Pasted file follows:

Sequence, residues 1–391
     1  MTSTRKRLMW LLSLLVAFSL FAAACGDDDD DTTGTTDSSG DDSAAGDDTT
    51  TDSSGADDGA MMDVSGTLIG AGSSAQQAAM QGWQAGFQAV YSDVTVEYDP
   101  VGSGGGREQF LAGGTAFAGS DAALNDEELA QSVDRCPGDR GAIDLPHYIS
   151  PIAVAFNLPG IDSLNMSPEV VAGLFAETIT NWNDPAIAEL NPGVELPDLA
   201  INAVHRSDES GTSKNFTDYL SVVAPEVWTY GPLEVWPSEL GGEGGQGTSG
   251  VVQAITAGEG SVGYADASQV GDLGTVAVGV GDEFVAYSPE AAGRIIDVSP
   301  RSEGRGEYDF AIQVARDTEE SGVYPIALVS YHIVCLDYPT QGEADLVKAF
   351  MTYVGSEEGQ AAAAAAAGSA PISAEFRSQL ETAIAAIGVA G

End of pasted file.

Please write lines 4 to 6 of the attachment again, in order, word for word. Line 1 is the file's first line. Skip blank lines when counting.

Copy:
   101  VGSGGGREQF LAGGTAFAGS DAALNDEELA QSVDRCPGDR GAIDLPHYIS
   151  PIAVAFNLPG IDSLNMSPEV VAGLFAETIT NWNDPAIAEL NPGVELPDLA
   201  INAVHRSDES GTSKNFTDYL SVVAPEVWTY GPLEVWPSEL GGEGGQGTSG